There are a few things I hold to be truths about professional discourse and behavior. I acknowledge openly that these truths are shaped by my understanding of my current work environment, my upbringing by people who were social chameleons and taught me to adapt to my surroundings, and my personal feelings about behavior and social norms. Everyone will come to a different place on this question, and each destination will be deeply personal.
But it’s not personal. It’s professional. Just as I think that Sarah Palin disgraced the vice presidential debate by giving a “shout out” to grade-schoolers rather than offering substantive responses to questions of national importance, I think that there are certain behaviors that are unexpected and ill-placed at work. And that’s not personal; on an emotional level, I bet those kids thought it was cool that the governor addressed them on national tv, but on a professional level, Palin failed to impress me.
So what is it that I’m getting at, here? Colleen Harris’s post There’s No Crying In Librarianship — Or Any Other Career. I bookmarked it with Delicious, and my FriendFeed picked it up, and conversation ensued, as it did on her FriendFeed when it posted there. And over the course of those comments I tried to explain my support for her ideas, and I’m not sure I succeeded in the limited space available. So this is attempt number 2, 3, 4, 27, wherever I’m at now.
I believe that there are norms that apply to office culture just as there are norms that apply to family culture, social culture, and all the other micro-cultures we’re each a part of. And in professional culture, there are things that aren’t acceptable. From my perspective, high levels of emotion are part of what’s outside ‘normal’. You don’t yell. You don’t swear. You don’t call people names. You don’t throw things. You don’t become physically engaged. You don’t cry. When any of those actions occurs in the workplace, it indicates that the person has lost control of their emotions. And that’s not part of what I consider appropriate workplace behavior. Sometimes, in high-stress situations in which personal circumstance and professional circumstance collide, it’s unavoidable. Who among us hasn’t had that colossally bad day in which every damn thing went wrong, and your emotions are a millimeter below the surface? I have sympathy for those epic bad days. They happen. We lose it, we cope, and we move on, often with support from our friends, colleagues, and managers.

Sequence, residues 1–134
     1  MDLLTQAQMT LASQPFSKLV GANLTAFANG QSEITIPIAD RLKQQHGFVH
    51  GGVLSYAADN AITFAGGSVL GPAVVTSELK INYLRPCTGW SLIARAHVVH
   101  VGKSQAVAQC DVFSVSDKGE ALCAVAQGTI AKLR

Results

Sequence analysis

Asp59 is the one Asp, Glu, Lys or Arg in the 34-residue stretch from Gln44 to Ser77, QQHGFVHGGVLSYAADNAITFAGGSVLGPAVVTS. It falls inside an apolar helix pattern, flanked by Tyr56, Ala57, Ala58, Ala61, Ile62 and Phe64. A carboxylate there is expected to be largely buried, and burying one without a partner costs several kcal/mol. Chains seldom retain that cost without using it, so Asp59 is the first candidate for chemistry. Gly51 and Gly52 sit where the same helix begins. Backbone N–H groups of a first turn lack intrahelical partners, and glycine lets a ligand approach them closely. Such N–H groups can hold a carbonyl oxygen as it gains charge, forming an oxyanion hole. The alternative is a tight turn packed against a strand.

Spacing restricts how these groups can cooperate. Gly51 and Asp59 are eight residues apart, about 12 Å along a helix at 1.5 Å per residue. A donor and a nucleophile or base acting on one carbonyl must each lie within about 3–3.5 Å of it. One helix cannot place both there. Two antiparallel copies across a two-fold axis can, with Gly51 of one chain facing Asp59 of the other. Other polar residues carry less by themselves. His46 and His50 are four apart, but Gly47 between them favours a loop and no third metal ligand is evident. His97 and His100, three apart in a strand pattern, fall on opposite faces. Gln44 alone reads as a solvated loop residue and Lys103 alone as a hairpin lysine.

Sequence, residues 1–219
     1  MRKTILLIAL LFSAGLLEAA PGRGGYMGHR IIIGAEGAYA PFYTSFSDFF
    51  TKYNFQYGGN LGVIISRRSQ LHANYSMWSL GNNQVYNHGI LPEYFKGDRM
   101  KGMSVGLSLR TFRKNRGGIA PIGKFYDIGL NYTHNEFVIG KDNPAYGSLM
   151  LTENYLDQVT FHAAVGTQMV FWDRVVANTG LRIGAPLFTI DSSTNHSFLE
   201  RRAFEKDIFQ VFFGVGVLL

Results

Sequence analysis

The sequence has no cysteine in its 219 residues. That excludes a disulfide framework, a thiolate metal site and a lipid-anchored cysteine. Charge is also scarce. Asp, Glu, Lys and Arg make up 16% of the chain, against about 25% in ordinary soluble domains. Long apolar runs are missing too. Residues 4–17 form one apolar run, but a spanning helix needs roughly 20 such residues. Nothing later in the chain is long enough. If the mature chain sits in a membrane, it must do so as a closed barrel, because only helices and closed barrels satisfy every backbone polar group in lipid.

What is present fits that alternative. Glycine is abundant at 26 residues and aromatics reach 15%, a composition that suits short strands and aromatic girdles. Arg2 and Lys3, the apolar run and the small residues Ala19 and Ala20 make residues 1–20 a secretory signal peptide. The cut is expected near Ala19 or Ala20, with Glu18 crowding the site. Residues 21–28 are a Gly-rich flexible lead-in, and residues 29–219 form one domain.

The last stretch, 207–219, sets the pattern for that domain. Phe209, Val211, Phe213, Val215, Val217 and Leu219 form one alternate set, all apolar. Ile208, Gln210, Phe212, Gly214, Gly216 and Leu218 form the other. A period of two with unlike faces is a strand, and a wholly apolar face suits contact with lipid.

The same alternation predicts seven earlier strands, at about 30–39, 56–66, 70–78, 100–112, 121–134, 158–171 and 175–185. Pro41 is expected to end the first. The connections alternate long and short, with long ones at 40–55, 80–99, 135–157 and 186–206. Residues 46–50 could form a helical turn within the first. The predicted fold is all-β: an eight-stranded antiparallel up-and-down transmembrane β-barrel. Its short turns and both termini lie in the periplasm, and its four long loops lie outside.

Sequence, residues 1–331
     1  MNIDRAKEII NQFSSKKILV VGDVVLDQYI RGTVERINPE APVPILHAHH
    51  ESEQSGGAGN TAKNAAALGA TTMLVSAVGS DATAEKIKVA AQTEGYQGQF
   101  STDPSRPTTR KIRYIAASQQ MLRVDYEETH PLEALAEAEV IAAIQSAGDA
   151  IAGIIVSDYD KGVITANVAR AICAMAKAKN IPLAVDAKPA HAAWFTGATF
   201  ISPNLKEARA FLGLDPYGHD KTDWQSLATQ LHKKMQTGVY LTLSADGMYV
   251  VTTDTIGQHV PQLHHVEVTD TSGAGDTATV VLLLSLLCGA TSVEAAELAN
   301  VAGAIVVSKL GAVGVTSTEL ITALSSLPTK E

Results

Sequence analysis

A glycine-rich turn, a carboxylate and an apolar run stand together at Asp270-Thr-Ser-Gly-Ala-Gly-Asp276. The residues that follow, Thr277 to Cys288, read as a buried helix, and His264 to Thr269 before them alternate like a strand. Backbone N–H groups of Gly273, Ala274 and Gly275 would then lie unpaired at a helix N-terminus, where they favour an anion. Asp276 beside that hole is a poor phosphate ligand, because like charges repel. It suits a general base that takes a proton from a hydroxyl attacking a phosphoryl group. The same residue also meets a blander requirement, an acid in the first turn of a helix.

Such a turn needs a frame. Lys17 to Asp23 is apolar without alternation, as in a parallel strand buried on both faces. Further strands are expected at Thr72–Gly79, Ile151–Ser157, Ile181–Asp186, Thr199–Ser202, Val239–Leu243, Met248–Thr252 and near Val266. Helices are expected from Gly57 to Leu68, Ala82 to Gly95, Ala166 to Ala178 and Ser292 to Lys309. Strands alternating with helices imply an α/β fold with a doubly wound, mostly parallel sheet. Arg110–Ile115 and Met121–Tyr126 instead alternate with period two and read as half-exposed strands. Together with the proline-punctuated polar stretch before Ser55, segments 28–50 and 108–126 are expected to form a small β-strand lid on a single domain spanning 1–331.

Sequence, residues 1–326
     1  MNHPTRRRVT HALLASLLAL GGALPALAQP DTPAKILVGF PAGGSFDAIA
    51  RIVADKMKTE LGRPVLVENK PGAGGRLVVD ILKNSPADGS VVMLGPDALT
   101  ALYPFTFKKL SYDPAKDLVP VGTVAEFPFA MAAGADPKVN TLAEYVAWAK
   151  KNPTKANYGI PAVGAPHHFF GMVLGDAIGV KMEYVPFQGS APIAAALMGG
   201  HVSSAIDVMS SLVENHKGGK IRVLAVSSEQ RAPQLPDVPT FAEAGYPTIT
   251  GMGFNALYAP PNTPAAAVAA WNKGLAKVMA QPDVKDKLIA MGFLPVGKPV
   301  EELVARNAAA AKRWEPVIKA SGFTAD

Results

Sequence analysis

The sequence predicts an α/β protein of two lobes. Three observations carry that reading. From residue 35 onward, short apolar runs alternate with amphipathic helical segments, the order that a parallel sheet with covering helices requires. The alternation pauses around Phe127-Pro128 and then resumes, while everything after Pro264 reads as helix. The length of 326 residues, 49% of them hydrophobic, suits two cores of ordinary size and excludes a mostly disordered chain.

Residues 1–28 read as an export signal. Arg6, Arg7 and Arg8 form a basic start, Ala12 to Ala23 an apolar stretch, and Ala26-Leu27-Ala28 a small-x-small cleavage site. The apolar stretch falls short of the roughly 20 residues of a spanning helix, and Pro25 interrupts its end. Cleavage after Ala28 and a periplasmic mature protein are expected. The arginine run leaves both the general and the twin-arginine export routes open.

But as I said several times, in several venues, I think that if something which is within normal institutional operations (like an annual performance review containing both praise and criticism, or a single-instance problem that needs correction and resolution, or a run-of-the-mill conversation) has an employee so upset that they’re breaking those emotional norms, then there’s an extraordinary circumstance at play that needs to be addressed separately. And, just as I would want to send someone who was throwing things to anger management training or a counselor, I would want to find out why small conversations spark tears, and address the underlying issue. Because in my experience, that’s what good managers do — they support their staff and give them the resources they need to be and do better in support of the institutional goals.
But that doesn’t make crying at work normal, or appropriate.